stunning visuals and actions but marred by an unconvincing cast
I was disappointed with Lucas's previous movie Phantom of the Menace as I found it to be flat with a slow development of the storyline. Lucas used a new approach to this movie and wastes no time in getting the audience straight into the action. You can almost compare this movie with those of James Bond where a simple storyline is woven with lavish settings, visuals and actions. There are some spectacular scenes of cities and locations shot on the various planets but the overall feel appears slightly artificial. The alien characters also appear animated and not as lifelike as one would have expected. Acting is also somewhat sub standard and was particularly disappointed with Samuel Jackson's somewhat muted performance. However, performances by the old veteran Christopher Lee and the voice of Yoda (Frank Oz) lifted this movie. There seemed to be an urgency in the film as the scenes were shot in quick succession in various locations and so tended to depart away from the central theme of the story. Normally the musical score gets unnoticed in most epics but in this case it appeared more pronounced which could be argued as good or bad. The intimate relationship between Anakin Skywalker and Senator Padme Amidala was tackled early in the movie with the premise that that the Star Wars saga will continue. The final battle scenes was by far the best part of the movie. The complex mechanics of machinery, robots, humans and aliens battling on the desert was very well captured on screen. Like all good spirited action movies we see the supreme republican members of the council also engaged in hand to hand combat. Stunning visuals with good actions are let down by a weak cast but entertaining to watch nevertheless.
Bonnie and Clyde (1967)
thought provoking and intelligent directing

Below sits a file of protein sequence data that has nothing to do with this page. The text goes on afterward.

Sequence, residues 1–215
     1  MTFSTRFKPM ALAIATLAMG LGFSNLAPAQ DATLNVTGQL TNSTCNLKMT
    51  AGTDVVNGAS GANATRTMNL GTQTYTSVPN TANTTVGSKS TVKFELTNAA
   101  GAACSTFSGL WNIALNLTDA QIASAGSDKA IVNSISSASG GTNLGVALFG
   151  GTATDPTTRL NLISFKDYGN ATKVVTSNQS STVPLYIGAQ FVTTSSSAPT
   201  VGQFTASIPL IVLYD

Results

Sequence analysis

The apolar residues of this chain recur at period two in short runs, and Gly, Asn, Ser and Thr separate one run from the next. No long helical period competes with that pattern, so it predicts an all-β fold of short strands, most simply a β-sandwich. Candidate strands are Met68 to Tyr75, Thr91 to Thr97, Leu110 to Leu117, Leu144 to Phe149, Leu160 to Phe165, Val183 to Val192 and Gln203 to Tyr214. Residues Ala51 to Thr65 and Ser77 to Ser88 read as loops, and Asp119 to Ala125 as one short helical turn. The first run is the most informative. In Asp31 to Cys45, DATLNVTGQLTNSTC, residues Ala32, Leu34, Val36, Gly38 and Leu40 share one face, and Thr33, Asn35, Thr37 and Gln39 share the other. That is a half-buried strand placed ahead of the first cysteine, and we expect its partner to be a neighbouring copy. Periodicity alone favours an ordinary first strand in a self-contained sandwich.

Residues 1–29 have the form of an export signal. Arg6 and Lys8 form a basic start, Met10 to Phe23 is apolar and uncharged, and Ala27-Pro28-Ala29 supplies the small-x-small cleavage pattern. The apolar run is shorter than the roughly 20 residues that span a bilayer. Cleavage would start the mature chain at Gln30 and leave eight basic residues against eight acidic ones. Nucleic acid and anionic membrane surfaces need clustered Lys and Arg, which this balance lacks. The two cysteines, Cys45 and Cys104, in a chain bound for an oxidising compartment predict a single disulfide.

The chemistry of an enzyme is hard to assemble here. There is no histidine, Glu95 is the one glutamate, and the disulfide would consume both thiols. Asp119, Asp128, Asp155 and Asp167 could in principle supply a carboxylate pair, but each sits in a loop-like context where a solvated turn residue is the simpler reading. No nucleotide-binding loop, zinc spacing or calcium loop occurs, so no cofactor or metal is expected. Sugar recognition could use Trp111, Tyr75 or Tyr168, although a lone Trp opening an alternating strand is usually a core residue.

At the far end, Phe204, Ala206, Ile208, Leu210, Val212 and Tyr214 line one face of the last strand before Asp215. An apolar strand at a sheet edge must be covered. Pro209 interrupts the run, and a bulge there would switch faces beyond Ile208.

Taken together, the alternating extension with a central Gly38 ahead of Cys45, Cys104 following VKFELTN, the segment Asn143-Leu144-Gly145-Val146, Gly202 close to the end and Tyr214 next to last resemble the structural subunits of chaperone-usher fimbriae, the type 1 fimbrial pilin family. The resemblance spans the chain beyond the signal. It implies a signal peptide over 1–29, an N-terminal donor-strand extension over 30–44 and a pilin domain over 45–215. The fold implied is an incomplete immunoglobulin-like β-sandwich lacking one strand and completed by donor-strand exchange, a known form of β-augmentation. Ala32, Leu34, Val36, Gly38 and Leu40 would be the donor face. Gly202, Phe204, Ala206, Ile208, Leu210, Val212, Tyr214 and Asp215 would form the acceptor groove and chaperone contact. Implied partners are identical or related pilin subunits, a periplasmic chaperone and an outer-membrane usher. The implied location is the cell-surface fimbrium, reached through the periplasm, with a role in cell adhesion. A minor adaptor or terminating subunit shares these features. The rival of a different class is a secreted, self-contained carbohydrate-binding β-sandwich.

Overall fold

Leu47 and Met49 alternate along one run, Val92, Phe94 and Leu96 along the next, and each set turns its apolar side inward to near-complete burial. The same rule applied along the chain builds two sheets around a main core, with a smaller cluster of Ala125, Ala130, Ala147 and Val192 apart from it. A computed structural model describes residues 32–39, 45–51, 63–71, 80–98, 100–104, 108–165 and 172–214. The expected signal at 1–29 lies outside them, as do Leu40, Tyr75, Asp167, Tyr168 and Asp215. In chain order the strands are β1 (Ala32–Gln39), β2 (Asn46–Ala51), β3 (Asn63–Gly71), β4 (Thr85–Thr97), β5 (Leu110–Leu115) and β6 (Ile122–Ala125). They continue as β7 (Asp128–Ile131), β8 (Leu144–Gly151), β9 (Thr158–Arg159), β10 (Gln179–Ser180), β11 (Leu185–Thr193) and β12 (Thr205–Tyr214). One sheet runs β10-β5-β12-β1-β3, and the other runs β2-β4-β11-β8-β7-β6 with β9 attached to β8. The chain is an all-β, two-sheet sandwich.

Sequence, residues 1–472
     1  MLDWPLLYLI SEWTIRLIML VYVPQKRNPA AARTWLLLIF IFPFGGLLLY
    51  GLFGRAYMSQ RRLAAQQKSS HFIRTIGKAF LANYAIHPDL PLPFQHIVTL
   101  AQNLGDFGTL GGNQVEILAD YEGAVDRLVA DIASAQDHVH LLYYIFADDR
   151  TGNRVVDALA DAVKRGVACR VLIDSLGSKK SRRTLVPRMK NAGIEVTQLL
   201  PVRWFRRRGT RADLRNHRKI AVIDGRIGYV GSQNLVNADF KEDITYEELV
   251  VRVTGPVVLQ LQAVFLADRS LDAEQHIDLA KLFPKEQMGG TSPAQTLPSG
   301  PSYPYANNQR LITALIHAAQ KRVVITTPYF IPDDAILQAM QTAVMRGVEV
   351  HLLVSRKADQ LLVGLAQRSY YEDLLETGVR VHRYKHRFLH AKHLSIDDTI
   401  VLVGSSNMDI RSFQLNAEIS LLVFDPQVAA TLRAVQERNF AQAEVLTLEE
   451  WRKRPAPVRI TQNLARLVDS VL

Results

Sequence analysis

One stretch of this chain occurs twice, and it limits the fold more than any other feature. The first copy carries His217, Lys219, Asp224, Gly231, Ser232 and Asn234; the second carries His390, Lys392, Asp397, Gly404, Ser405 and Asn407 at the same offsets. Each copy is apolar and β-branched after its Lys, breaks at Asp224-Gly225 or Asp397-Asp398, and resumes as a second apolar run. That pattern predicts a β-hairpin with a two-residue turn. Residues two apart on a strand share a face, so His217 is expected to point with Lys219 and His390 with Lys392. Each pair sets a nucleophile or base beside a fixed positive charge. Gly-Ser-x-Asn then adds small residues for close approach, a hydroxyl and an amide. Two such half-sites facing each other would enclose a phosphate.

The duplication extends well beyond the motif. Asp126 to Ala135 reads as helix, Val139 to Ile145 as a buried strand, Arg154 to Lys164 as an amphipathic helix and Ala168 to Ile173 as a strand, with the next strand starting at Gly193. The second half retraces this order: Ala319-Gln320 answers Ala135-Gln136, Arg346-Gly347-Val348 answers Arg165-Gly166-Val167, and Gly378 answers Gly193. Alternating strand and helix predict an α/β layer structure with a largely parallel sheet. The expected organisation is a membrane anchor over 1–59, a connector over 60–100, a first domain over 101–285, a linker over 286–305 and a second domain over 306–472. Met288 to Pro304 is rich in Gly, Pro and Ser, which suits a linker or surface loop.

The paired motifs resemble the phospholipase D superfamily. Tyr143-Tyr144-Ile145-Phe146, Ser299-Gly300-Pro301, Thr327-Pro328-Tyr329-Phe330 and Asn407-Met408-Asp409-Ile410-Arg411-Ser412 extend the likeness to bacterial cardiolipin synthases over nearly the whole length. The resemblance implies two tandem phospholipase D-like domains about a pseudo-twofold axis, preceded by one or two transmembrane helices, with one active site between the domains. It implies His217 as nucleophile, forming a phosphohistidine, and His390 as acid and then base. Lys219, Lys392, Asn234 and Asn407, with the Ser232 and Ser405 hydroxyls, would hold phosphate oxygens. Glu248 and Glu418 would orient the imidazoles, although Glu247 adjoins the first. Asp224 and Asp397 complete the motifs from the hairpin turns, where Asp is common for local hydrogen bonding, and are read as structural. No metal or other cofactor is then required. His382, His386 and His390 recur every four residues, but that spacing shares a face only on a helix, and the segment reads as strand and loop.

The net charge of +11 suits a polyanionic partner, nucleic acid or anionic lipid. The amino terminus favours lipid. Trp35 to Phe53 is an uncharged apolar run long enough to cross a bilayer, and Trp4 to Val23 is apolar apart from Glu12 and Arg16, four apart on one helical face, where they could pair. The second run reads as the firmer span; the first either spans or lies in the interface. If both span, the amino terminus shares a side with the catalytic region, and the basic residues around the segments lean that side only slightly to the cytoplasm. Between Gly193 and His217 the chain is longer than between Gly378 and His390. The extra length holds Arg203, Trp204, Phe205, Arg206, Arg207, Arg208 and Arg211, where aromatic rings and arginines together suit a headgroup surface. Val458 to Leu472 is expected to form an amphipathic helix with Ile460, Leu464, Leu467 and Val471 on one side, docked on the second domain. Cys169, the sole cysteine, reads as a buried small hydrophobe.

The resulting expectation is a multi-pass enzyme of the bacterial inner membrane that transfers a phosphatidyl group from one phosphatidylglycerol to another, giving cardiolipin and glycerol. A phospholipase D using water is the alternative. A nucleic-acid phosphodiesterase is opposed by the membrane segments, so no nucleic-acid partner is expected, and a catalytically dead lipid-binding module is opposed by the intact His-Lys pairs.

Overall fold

Performance by both Warran Beatty (Clyde) and Faye Dunaway (Bonnie) are commendable in this movie. Faye D does a nice job of portraying the impulsive and bored young woman who meets Clyde who has just been released from prison. After Clyde goes into a grocery store and casually comes out waving stolen money, Bonnie is immediately drawn to Clyde and both embark on the road to robbing banks. The ease at which they are able to rob banks and get away with it turns it into an exciting and frenzied game for them while at the same time their fondness for each other grows. There was some fine touches of directing when Clyde unavoidably shoots and kills one of the bankers giving chase and is deeply impacted afterwards by his act. At the same time we see Bonnie who is shown completely oblivious to what had happened. It is at this point, that they probably unconsciously realize there is no turning back and the social rules and constraints no longer apply to them. They become entrapped in their own makings and continue in their dangerous ventures and also take on two more additional members, Clyde's brother and his wife. The fantasy world of Bonnie is brought perfectly to home when the whole group meets up with Bonnie's mother. Here we are shown a startled Bonnie after her mother rebuffs her. Bonnie is then drawn even closer to Clyde. The film loses its momentum towards the end as it focuses more on the couple and less on the events happening around them. This is probably to develop an empathy amongst the audience for the final sequences of the movie. Overall a good thought provoking film with some intelligent directing.